Anime News Service-Review: Ultraman Tiga - Dyna - Gaia

Ultraman Gaia By Daniel Zelter

I first got into Ultraman when one of my local stations showed the Australian remake. Other than having an entirely Australian cast, the monsters and fights seemed very close to the Japanese version. And for a while, I was so into the show I would play the Bandai Super Nintendo game. (I've even seen clips of the 60's dubbed versions which were still better dubs than the 60's Giant Robo series known over here as "Johnny Soko and his Spinning Toy") For those who aren't aware, Ultraman(at least from what I remember) is a long running series about a special taskforce which fights aliens(aka GUTS); and one of them has the power to turn into a giant robot known as Ultraman. Each Ultraman then uses wrestling techniques and lasers to subdue the said monster. Anyway, after seeing these dvd's in my store, I knew I had to rent them.

Tiga and Dyna is about the newest generation of heroes-the Super GUTS. They allow a mysterious Dr. Kusaragi to "borrow" their fighting styles in order to power up a space ship(with a cannon reminiscent of Yamato), which is supposed to be more reliable against aliens than Ultraman Dyna. (The current Ultraman tv series this movie is based on.)Unfortunately(and predictably), Kisaragi is really being possessed by a group of aliens who use the space ship(which can transform into a giant robot)to wreck havok on earth. Asuka(the person who can turn into Dyna) and his girlfriend Mai are badly hurt in the on-going battle; so Asuka tries to find out how Ultraman Tiga(the last Ultraman)managed to save the world, so he can use that same technique. If you've seen enough anime, this is not the movie for you, as the dialogue has enough cliches to fill the Grand Canyon. ("Human beings can do anything", "Human beings are weak and therefore deserve to be destroyed", it's all there!)

Not to mention the actors for this film, particularly Takeshi Tsuruno(Asuka)are really annoying, since they deliberately try to over-act. (For example, in one scene, Asuka and the GUTS captain discuss this threat as if it were a baseball game. But the worst scenes are when they get a child with an Ultraman figure to try to help raise morale among the population. The product placement and the fact that they used a kid really cheapens the drama.)

And I'm assuming that-for marketing purposes-Asuka's supposed to be a cross between a bishounen and a rebel, but he comes off as an annoying jackass similar to Freddie Prinze Jr. Why Mai seems to care about him is beyond me. If it weren't for the comic relief of Ryo Kinomoto, who plays the GUTS captain, I really wouldn't be able to stand this movie. On the plus side, the cgi works, with ships that look more realistic than anything from the recent Star Wars films; and the fact that its from Studio GONZO(Blue Sub No.6)might be enough for you to want to check this movie out. But the other problem with the film is that relationships from other Ultraman series are mentioned, so you can't entirely enjoy Tiga and Dyna as a stand-alone movie.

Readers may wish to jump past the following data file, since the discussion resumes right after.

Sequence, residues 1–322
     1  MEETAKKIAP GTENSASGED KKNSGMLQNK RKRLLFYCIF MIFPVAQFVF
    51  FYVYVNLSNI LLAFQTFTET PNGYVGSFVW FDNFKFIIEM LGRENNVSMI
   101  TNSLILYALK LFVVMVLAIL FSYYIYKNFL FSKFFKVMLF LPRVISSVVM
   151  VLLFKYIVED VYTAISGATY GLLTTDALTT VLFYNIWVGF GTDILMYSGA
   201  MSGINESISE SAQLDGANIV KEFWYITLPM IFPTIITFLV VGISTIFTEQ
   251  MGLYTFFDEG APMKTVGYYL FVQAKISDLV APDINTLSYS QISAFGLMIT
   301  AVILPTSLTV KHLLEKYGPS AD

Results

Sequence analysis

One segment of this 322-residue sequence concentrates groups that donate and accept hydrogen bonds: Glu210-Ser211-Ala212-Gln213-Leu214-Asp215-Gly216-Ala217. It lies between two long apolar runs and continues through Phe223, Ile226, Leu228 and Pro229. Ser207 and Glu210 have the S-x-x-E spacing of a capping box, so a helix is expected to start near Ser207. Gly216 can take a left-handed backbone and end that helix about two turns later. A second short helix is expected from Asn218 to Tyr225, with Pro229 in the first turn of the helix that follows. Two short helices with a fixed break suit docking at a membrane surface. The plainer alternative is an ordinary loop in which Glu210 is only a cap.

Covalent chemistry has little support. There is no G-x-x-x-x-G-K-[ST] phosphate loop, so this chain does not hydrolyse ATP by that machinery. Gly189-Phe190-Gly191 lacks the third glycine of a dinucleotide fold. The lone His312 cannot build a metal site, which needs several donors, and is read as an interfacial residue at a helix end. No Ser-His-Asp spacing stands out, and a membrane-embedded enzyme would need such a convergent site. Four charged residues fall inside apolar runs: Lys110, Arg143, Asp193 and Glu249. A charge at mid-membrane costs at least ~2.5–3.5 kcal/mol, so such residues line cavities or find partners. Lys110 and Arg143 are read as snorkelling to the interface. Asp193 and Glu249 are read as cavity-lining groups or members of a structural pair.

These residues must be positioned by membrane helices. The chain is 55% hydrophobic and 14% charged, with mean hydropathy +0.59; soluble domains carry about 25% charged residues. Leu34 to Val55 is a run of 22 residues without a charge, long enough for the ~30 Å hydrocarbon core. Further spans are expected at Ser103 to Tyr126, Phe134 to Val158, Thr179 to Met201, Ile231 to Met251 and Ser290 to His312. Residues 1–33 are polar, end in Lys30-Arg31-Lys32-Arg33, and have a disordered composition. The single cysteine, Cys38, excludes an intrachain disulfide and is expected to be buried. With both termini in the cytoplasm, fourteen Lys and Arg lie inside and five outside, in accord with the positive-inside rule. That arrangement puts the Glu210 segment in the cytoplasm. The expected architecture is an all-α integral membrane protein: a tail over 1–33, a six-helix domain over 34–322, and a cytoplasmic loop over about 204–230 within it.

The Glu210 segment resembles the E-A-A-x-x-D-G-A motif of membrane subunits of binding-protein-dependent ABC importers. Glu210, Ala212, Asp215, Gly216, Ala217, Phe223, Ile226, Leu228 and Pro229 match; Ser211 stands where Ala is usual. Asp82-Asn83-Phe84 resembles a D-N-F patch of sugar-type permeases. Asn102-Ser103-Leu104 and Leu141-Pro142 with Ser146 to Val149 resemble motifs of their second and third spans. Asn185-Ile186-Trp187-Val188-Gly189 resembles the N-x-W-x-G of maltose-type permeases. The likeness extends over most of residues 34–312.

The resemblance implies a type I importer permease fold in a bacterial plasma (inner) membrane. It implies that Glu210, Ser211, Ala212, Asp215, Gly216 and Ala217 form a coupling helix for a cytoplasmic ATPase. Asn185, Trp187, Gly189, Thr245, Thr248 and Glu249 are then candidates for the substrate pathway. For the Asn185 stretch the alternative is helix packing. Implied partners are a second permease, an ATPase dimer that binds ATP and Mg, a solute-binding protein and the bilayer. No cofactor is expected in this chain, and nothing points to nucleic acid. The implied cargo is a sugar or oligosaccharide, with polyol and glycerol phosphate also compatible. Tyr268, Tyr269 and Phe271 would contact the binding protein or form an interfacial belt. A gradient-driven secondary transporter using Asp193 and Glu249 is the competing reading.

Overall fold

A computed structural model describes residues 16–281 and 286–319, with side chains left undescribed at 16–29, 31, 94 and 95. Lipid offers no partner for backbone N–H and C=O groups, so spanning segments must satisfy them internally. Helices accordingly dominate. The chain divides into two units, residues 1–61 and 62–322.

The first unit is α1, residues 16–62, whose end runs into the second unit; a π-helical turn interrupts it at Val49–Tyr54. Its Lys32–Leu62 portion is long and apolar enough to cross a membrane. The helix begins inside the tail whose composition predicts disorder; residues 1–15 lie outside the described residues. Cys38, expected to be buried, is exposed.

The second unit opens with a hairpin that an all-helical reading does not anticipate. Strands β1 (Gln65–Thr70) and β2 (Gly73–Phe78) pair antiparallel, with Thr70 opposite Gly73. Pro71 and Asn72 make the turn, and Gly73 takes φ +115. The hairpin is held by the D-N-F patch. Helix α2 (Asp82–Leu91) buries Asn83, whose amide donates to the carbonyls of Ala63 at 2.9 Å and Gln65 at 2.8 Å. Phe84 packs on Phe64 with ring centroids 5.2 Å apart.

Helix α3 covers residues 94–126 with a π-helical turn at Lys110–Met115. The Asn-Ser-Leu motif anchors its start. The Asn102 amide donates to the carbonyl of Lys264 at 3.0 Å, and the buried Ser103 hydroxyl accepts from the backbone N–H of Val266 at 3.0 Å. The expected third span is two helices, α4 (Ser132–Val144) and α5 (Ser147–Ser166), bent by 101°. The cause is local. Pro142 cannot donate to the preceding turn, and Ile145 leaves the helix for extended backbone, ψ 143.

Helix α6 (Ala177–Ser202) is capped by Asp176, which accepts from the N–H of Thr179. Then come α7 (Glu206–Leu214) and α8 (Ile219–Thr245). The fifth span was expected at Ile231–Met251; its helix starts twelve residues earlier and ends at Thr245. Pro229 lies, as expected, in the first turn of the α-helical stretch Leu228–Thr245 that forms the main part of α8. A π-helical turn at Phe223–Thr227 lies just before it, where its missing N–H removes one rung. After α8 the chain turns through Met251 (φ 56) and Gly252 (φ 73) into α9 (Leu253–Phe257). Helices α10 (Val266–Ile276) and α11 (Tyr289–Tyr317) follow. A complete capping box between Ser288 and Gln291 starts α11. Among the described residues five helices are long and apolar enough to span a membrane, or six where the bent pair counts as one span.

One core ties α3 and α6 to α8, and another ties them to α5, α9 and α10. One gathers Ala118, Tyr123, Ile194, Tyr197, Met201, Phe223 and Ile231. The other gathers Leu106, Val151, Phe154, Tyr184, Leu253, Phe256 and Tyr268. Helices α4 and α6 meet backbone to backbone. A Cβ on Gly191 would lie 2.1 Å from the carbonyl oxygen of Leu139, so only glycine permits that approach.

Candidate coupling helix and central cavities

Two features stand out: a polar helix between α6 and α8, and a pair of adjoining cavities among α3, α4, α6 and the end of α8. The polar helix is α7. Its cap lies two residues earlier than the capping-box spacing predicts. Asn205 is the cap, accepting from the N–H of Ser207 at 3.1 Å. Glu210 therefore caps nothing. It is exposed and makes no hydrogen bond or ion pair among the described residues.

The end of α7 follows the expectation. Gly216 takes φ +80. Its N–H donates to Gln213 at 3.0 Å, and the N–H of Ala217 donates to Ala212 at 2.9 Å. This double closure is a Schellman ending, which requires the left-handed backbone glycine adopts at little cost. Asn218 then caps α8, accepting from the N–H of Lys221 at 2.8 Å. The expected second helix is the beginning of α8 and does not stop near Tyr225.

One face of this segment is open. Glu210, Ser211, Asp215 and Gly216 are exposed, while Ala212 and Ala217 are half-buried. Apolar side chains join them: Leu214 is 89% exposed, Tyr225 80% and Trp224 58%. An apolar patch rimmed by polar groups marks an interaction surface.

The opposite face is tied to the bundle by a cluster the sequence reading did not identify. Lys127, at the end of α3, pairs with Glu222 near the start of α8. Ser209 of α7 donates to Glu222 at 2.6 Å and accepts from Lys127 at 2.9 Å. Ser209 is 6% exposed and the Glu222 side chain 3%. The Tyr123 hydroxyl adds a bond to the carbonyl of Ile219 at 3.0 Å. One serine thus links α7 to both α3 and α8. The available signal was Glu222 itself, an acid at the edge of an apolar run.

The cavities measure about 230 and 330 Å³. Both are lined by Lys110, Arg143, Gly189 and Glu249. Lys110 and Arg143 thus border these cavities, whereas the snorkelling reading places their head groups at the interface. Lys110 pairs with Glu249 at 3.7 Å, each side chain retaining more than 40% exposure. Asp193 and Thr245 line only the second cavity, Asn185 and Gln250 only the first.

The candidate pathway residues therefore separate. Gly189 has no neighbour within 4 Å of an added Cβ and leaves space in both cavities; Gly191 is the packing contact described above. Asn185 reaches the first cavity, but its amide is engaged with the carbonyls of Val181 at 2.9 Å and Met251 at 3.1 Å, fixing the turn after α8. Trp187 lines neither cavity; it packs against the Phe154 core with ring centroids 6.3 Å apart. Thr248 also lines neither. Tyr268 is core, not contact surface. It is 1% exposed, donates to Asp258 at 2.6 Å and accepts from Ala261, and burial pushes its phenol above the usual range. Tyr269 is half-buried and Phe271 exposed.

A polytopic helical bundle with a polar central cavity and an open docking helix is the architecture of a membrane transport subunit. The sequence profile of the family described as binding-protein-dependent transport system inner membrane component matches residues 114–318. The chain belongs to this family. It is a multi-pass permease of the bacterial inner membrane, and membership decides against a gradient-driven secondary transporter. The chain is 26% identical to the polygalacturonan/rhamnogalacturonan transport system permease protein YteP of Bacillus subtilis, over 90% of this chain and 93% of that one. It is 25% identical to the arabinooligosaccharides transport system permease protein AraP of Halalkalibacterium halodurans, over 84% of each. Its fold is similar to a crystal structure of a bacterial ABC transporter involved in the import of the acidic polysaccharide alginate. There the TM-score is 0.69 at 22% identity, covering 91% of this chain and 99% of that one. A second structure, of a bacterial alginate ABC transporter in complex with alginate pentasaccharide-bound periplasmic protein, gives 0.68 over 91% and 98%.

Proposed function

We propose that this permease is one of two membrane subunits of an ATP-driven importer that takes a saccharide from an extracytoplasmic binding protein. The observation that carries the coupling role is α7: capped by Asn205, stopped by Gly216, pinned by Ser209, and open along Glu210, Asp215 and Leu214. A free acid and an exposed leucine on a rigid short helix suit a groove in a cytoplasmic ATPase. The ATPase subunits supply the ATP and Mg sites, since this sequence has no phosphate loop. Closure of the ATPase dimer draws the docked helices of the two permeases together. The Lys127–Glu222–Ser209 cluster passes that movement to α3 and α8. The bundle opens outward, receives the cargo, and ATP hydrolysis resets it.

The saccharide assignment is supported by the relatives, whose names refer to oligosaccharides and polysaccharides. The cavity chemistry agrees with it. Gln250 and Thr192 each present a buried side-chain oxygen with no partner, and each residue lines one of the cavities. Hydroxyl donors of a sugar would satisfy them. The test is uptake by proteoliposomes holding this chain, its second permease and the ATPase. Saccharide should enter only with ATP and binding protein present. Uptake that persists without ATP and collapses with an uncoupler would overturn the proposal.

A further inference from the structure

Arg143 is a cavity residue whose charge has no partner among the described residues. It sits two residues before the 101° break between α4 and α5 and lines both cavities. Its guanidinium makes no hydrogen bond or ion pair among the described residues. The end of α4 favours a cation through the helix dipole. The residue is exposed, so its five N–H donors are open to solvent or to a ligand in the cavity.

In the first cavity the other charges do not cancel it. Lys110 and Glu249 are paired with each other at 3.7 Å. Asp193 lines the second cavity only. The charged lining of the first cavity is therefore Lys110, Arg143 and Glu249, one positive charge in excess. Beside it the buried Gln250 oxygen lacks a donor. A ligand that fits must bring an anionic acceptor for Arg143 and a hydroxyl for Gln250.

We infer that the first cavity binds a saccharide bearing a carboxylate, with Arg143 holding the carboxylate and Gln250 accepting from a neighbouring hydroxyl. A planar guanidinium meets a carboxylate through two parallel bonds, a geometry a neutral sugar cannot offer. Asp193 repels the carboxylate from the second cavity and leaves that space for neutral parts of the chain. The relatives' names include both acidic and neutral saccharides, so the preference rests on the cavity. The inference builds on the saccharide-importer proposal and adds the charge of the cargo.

On the other hand, this isn't a problem with Ultraman Gaia. In this movie, Tsutomu, a grade-school kid, is an Ultraman Gaia (the Ultraman which apparently comes after Dyna)otaku, with merchandise all over his room. Unfortunately, his grades are in trouble, and he's not popular with his peers. Even his friends(including the new student Lisa Nanase) don't take him seriously when he regales them with his dreams involving Gaia. So when he sees a mysterious red ball which grants him any wish he wants, he decides to summon Gamu(the bishounen pilot who is really Ultraman Gaia)to his world. Of course, the bullies who picked on Tsutomu find out about the ball's powers and use the ball to summon deadly monsters. Gamu is then in for the fight of his life, as he tries to protect Tsutomu's world from being destroyed.

There were a lot of reasons I liked Gaia more than Tiga and Dyna. One, the acting was much better, especially from the actor who portrayed Gamu. His friendship with Tsutomu was so realistic and meaningful that no yaoi doujinshi artists could ruin it, even if they tried. I also liked the use of fire and explosions to demonstrate the scope of the power of the monsters. Combine those with harrowing moments(such as when the children are holding on to upturned balconies),and you get one of the most dramatic and powerful kaiju films for your money. On a side note, Gaia also has a more memorable theme song. Finally, even though characters from the Gaia series appear, their relationships are kept to a minimum, so you can enjoy the movie without needing to know who's who.

Since I'm not really a tech-head like people who run other anime sites, I'll just say I liked the Japanese audio on both dvd's, and had no problems with the track. (I didn't hear the dub.) The picture was lovely, and had a nice widescreen format for the viewer to appreciate all of the action. My only gripe is the theme songs at the end-as well as the credits-weren't subbed, and I'd really like to know who played Gamu, as well as the staff who produced the special effects.

Anyway, if you need to know the cast for Ultraman Tiga and Dyna, go to The director and writer for Gaia is mentioned at

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